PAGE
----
The innovation also emphasizes privacy and security. The data processed by InfaSafe, which includes visual frames, audio, and environmental readings, is managed locally. With recordings securely stored, the system ensures that sensitive information is protected. The InfaSafe app further enhances user experience by providing live monitoring and instant notifications, making it a user-friendly solution for both individual caregivers and larger institutions, such as hospitals.
The other members of InfaSafe are Alex Maliwat (CE, M.S. CE 4th Year) and Joanna Findura (CE, M.S. CE 5th Year), who, together with Klicker, have developed this groundbreaking technology with the potential to significantly impact the field of infant health care and research.
“The finalists for the Grainger Prize all demonstrated great talent and ingenuity, exemplifying the innovative spirit that abounds at Illinois Tech,” says Brian Walker, Illinois Tech trustee and vice president and chief product officer at Grainger. “The Grainger Foundation is dedicated to fostering education in the STEM fields, as well as improving the quality of health care, community services, and environmental sustainability. Each of this year’s nominees underscores that commitment and affirms the foundation’s investment in this competition.”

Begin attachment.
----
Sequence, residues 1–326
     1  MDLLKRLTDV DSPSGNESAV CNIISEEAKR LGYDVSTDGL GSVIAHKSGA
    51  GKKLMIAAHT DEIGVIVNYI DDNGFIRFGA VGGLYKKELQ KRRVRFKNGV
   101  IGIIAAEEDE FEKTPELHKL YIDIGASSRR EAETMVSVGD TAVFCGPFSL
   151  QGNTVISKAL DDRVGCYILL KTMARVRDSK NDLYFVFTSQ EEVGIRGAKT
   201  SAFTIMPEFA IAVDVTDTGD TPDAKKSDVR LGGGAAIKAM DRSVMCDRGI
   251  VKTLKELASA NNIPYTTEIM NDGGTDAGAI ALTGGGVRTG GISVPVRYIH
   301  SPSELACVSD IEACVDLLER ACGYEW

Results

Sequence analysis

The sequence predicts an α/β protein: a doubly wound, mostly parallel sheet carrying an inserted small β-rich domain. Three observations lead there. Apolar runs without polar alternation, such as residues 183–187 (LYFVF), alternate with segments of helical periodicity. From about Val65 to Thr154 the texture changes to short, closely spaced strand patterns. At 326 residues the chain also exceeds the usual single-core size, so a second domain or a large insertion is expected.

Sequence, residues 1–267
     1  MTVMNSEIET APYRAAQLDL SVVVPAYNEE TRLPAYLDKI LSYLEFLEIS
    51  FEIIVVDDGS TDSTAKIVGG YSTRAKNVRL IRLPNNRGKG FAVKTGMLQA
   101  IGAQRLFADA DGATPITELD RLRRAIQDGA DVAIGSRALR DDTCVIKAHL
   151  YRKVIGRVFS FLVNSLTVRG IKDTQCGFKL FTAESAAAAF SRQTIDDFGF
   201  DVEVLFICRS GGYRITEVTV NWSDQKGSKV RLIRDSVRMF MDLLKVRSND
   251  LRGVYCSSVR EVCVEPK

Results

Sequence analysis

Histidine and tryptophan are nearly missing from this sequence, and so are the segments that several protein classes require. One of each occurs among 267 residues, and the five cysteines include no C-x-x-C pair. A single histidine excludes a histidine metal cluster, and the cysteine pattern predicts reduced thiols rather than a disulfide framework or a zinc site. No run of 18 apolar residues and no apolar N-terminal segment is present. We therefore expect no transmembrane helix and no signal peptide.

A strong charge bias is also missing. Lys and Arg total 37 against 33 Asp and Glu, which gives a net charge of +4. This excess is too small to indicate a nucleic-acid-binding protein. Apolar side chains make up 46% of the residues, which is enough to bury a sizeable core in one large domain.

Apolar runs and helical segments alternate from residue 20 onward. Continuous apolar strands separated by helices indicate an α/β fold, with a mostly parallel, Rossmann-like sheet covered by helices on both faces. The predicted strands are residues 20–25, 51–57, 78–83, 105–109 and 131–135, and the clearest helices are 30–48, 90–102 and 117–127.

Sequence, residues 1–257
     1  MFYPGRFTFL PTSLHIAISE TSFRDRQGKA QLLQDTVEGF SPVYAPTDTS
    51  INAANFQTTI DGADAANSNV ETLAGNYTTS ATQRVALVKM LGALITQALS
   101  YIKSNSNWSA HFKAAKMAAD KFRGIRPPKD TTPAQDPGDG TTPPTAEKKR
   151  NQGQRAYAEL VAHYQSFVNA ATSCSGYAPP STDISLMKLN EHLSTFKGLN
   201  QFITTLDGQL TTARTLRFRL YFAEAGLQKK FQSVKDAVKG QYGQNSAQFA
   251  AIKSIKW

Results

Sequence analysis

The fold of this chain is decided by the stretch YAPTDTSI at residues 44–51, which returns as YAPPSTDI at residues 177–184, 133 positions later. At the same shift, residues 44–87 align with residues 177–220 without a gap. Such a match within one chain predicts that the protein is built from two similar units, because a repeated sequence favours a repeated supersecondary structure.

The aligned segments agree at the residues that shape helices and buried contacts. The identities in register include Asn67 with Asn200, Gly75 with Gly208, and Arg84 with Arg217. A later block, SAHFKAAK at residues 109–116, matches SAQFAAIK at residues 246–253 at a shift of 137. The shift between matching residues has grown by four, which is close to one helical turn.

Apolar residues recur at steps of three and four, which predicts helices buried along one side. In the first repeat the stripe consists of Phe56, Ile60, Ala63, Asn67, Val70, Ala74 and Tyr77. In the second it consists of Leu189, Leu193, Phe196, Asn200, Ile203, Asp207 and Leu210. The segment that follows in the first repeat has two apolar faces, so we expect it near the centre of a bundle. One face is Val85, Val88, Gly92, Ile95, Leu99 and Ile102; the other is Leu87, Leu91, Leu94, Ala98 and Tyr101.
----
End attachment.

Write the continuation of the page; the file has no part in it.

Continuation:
The five finalists were selected from a highly competitive initial field of 35 teams, made up of 135 Illinois Tech students, who engaged in three rounds of concept development and presentation. Another winner of the night was EIBreathe, a novel approach to diagnosing exercise-induced bronchoconstriction in athletes, which was awarded second prize and won $10,000. Placing third and earning $5,000 was H2.0 Resilience, which designed a system for dynamic flood prediction using satellite imagery. Tying for fourth place were Robot S Helper’s AI-assisted real-time wildfire management and SPACES’s community-connecting app to combat social isolation. SPACES also received the first Audience Choice Award from a live vote taken after the presentations.
The Grainger Prize is open to teams of two to five Illinois Tech students who are pursuing an undergraduate or master’s degree in any area of study. At least one undergraduate student is required in each team, and doctoral students are encouraged to participate as mentors.